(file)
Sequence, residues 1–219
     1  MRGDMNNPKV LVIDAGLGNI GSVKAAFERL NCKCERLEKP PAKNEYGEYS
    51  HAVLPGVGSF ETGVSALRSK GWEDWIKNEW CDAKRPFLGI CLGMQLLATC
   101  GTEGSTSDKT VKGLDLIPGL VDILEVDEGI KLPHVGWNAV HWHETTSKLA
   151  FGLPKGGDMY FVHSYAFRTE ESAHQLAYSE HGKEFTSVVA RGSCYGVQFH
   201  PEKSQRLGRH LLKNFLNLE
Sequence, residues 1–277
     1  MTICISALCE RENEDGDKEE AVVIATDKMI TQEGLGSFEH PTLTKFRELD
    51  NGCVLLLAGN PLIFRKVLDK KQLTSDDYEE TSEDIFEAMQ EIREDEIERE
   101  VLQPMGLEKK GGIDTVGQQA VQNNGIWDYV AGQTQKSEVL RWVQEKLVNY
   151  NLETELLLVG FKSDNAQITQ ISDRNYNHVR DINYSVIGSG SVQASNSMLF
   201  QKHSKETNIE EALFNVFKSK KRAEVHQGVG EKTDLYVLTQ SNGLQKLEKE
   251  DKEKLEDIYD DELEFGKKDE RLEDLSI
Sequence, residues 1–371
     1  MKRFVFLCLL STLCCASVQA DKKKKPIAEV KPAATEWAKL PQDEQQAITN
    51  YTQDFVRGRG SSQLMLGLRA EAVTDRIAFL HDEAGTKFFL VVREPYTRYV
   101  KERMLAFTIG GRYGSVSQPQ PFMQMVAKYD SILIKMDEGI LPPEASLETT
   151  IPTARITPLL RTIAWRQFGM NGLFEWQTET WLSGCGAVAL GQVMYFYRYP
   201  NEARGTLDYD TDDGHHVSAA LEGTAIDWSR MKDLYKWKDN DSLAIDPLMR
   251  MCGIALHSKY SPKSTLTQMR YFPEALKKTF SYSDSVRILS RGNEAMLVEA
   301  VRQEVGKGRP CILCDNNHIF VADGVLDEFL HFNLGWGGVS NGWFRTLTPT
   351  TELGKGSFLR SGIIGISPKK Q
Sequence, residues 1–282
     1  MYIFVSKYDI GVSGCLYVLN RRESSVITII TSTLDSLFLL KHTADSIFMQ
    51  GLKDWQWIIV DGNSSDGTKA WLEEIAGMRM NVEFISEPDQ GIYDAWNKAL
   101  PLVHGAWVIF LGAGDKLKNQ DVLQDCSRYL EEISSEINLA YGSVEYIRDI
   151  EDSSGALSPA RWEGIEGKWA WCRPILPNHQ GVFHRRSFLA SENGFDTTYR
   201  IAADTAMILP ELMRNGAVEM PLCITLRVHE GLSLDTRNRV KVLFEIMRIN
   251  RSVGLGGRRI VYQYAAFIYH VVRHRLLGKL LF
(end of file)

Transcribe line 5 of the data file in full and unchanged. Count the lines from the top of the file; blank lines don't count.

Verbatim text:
   151  FGLPKGGDMY FVHSYAFRTE ESAHQLAYSE HGKEFTSVVA RGSCYGVQFH